Housing price bubble chatter has increased this summer, as market observers
attempt to predict the next residential real estate shift. It is too early to predict
a change from higher prices and lower inventory, but the common markers
that caused the last housing cooldown are present. Wages are up but not at
the same pace as home prices, leading to the kind of affordability concerns
that can cause fewer sales at lower prices. At the same time, demand is still
outpacing what is available for sale in many markets.
Closed Sales decreased 6.5 percent for Detached homes and 12.5 percent for
Attached homes. Pending Sales decreased 1.6 percent for Detached homes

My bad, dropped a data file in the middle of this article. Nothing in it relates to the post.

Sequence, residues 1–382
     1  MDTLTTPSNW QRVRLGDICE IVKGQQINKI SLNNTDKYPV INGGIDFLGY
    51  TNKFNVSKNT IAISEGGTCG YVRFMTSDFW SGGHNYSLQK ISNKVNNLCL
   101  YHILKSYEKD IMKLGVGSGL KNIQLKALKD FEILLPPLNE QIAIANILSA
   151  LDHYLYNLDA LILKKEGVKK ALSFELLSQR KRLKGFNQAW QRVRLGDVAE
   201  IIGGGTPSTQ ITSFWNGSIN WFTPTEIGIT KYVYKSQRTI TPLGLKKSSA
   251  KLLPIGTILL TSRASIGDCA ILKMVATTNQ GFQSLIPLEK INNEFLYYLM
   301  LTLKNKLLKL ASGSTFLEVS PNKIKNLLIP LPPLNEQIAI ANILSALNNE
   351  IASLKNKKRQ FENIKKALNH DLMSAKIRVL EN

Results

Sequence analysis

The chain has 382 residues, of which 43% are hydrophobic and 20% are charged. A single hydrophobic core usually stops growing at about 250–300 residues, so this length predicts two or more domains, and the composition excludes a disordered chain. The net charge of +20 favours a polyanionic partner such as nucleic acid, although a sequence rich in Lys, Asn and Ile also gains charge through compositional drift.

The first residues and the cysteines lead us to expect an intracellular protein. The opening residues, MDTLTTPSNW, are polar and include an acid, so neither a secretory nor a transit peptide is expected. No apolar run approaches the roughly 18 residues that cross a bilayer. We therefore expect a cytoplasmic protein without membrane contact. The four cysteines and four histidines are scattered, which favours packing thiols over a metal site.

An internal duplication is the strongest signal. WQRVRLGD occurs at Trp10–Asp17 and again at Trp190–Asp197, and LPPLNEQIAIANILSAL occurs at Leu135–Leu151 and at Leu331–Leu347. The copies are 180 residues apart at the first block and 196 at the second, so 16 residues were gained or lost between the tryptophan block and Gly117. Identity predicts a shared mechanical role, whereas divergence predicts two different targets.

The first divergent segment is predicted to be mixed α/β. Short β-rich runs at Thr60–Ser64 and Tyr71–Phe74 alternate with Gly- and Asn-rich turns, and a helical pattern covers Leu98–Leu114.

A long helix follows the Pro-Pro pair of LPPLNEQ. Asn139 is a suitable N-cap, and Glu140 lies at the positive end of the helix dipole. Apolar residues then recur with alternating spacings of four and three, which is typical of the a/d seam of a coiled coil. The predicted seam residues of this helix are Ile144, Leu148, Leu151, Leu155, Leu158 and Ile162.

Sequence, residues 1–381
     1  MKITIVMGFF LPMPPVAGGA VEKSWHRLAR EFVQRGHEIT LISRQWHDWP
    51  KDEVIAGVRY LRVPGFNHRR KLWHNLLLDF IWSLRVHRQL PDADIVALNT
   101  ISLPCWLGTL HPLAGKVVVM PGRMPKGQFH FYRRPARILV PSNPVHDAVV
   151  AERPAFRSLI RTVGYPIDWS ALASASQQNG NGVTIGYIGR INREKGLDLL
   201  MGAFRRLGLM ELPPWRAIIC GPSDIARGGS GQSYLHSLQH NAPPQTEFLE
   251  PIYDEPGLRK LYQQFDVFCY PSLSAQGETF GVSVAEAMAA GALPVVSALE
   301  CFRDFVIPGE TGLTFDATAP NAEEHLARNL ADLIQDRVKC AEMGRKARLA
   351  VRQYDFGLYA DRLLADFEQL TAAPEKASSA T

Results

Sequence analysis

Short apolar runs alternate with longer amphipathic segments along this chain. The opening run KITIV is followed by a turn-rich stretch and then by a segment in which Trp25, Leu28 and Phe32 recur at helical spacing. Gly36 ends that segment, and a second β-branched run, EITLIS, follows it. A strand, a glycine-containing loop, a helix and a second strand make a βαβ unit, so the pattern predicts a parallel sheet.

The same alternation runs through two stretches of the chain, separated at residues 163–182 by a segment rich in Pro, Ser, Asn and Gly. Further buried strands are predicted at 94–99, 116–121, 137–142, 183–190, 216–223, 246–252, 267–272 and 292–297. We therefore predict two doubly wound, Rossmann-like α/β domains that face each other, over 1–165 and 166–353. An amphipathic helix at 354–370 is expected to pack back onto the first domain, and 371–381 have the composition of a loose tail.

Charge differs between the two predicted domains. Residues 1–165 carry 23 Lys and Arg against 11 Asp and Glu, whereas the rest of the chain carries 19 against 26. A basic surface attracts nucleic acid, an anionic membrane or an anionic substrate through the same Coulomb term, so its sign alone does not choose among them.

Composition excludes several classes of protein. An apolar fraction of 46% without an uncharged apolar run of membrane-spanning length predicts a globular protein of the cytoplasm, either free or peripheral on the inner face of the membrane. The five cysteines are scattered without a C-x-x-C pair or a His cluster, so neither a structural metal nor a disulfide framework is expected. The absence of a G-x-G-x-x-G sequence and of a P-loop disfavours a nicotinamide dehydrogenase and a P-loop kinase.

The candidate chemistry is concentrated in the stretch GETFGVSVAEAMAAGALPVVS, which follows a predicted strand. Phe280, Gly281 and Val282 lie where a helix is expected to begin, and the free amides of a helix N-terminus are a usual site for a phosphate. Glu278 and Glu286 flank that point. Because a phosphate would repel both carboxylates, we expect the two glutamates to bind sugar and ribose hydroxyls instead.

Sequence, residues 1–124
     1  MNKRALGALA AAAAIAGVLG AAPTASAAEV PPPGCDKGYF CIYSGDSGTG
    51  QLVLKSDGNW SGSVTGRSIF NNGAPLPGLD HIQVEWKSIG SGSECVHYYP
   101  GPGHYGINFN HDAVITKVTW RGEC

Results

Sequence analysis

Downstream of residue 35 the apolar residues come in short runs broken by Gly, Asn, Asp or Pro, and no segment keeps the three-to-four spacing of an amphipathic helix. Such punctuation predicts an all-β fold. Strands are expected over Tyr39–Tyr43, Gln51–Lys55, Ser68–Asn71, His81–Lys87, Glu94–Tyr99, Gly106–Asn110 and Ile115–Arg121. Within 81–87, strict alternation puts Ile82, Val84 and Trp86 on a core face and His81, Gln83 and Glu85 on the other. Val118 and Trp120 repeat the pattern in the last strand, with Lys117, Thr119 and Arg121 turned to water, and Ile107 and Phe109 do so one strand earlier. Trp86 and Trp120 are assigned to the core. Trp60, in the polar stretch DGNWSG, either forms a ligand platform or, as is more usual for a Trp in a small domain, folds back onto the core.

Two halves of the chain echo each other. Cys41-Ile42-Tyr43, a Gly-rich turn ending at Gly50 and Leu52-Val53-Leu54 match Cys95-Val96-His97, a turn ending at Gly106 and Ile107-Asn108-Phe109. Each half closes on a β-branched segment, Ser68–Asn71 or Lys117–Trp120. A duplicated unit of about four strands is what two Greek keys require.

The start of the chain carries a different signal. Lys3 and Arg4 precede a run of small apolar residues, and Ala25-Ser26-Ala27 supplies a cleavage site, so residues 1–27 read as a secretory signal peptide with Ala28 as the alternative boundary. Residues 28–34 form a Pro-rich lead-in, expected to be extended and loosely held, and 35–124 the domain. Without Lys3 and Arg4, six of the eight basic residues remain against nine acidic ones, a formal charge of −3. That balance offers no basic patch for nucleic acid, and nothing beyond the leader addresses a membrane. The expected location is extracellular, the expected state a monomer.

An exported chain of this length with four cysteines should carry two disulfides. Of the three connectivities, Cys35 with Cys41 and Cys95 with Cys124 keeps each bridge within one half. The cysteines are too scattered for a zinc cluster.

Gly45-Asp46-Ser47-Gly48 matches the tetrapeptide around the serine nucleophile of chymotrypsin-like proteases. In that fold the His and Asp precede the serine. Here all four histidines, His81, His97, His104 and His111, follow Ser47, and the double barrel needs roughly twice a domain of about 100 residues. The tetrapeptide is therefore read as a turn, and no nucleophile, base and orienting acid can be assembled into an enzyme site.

and 2.1 percent for Attached homes. Inventory increased 6.4 percent for
Detached homes and 24.8 percent for Attached homes.
The Median Sales Price was up 6.8 percent to $657,000 for Detached homes
and 6.7 percent to $432,000 for Attached homes. Days on Market increased
3.7 percent for Detached homes and 13.6 percent for Attached homes.
Supply increased 13.0 percent for Detached homes and 31.3 percent for
Consumer spending on home goods and renovations are up, and more
people are entering the workforce. Employed people spending money is good
for the housing market. Meanwhile, GDP growth was 4.1% in the second
quarter, the strongest showing since 2014. Housing starts are down, but that
is more reflective of low supply than anything else. With a growing economy,
solid lending practices and the potential for improved inventory from new
listing and building activity, market balance is more likely than a bubble.
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